Four decades and thriving

Butte Environmental Council marks its fourth decade of existence

Robyn DiFalco, executive director of the Butte Environmental Council, says the 40-year-old organization is in solid financial shape after a couple of lean years.

Robyn DiFalco, executive director of the Butte Environmental Council, says the 40-year-old organization is in solid financial shape after a couple of lean years.

Photo by brittany waterstradt

Forty years ago this month a group called the Butte Environmental Cooperative put out its first monthly newsletter to announce its formation. The cooperative was made up of five environmentally based groups—the Sierra Club, the Northstate Wilderness Committee, the Community Garden Project, the Student Environmental Collective and Forces to Restore Earth’s Environment.

“Dear Friends,” the newsletter began. “An effort has been made since the beginning of the year to bring all environmentalists, ecology groups, and eco-freaks in Butte County a little closer together.”

Today, the Butte Environmental Council (the name was changed to meet state tax-law requirements) is still alive, active and effective after surviving a couple of financial hits that almost closed its doors. The organization is best known these days for its efforts in educating the public about water issues, hydraulic fracturing, dioxin contamination in South Oroville and saving trees throughout Butte County.

“I’m turning 40 this year, too,” said Robyn DiFalco, who was appointed executive director in 2012, during a recent interview in her office. “It’s interesting. Here I am, the next generation carrying on the legacy that was inspired by a group of young people back in 1975.”

DiFalco said she first became aware of BEC when she came here to attend Chico State in 1993 and became commissioner of the Associated Students Environmental Affairs Council.

“There was just a bit of involvement through that,” she said. “I was mostly aware of them because of things like the Endangered Species Faire and the Bidwell Park Clean Up.”

DiFalco took over as executive director of BEC after some tumultuous years—including 2011, when it came close to shutting down because of financial problems stemming from a lawsuit that tied up the organization’s money. There were also personnel issues. In 2009, longtime Executive Director Barbara Vlamis, who’d served since 1992, stepped down after a falling out with the board of directors. She was replaced by co-directors until 2011, when one quit and the other was laid off.

“BEC’s finances were pretty grim and the board determined that they needed to lay off the leadership because they couldn’t afford to pay them anymore,” DiFalco said. “Part of the reason was so much of BEC’s funds were tied up in litigation with the Department of Water Resources.”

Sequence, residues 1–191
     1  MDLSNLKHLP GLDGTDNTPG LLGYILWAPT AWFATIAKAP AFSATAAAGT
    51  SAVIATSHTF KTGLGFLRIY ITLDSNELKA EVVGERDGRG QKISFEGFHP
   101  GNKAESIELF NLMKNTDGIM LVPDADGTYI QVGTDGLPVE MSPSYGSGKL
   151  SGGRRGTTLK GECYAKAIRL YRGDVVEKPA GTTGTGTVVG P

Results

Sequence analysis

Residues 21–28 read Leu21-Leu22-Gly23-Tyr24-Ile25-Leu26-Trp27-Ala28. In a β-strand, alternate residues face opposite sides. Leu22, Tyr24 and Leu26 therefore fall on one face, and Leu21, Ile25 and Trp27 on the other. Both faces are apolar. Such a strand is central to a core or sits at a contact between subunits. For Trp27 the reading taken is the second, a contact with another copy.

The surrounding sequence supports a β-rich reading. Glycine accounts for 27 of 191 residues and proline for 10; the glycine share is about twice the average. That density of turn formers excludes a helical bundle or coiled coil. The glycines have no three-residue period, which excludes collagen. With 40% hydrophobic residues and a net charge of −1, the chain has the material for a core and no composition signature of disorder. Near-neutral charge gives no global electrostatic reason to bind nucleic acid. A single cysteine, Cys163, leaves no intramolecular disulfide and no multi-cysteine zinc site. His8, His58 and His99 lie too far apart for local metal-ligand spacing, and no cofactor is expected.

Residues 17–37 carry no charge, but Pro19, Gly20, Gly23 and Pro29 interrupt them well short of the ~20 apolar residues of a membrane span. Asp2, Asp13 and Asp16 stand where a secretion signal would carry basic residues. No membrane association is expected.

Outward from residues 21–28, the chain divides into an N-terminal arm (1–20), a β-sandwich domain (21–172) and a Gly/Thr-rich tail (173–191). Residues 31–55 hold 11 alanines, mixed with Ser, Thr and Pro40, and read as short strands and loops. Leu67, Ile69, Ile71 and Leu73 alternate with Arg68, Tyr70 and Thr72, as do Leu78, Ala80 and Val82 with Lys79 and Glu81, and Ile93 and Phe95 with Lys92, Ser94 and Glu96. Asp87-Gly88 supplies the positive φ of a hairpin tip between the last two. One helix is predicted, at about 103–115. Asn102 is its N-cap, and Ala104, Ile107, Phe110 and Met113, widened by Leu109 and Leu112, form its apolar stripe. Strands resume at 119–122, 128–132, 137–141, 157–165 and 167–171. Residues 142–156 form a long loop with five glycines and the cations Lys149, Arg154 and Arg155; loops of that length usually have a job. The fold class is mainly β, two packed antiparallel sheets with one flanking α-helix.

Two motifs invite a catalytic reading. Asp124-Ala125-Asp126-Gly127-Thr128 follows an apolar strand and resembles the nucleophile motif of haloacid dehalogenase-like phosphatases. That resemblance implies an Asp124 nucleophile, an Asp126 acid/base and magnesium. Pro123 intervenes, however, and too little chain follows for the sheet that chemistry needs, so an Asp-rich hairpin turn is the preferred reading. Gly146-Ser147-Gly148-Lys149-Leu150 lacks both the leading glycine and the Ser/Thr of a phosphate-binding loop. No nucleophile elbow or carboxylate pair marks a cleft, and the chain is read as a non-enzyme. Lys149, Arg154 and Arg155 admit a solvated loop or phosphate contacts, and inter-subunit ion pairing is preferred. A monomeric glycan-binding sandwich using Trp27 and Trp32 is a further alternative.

The lawsuit claimed that the California Drought Water Bank had made water transfers without proper environmental review. BEC won the case and eventually got some of its money back.

“We needed to rebuild the organization with those funds,” DiFalco said. “At the time people wondered, ‘Should they just shut the doors and throw in the towel? But instead people stepped up and said, ‘Nope, let’s save this thing. It’s too important. There is a legacy that we should be carrying on.’”

One of the people DiFalco credits with helping save BEC is former Chico City Councilman and Mayor Michael McGinnis, one of BEC’s founders. In 1975, he was the director of Forces to Restore Earth’s Environment. He’d graduated from Chico State by then, but took a few classes to qualify for a student loan, which served as an income while he worked to set up BEC for no pay. He was also BEC’s first executive director.

BEC’s founding mission was to bring to the public “a general awareness of concepts of ecology.” By 1976, it moved into a building with a warehouse at Cherry and Seventh streets, where it purchased—with a $50,000 state grant—a flatbed truck, as well as cardboard and newspaper bailing machines, and got into the recycling business. Every Saturday the public would bring in their recyclables and socialize with BEC workers while doing something that made them feel good about themselves—helping save the world one recycled can, bottle or newspaper at a time.

That lasted about 12 years, until a state law was passed forcing local governments to start recycling programs. The city entered into contracts with local waste disposal companies to divert recyclables from the county landfill. BEC could not compete with companies that offered curbside recycling pickup, and had to give up recycling and focus on its other programs, including park and creek cleanups, as well as advocacy and education. 

For years, a good part of BEC’s funding came from the city, but that source of money eroded as public support and awareness seemed to decline, dropping from from $17,500 in 1991, to $12,600 in 1994 and $3,800 in 1996. That source of financing ended in 1997, the same year BEC joined a local pilot’s organization in a lawsuit that named the Chico City Council as defendants. The suit, which was eventually dismissed, charged that the council was allowing too much residential growth near the Chico Municipal Airport.

DiFalco said today’s strong board of directors, competent staff and annual dues from an 800-plus membership association, along with grants and community funding events, have put the organization into a solid financial standing.

McGinnis, who is now executive director for ARC, praises DiFalco for her intelligence, hard work ethic and a “sense of energy that gets things done.”

“It’s a good group,” he said. “They have a strong advocacy agency and are still doing environmental education. Without education and outreach you can’t do advocacy. BEC’s become really well-versed in those two things—advocating for the environment in Butte County and doing things locally that also affect us on a statewide level.”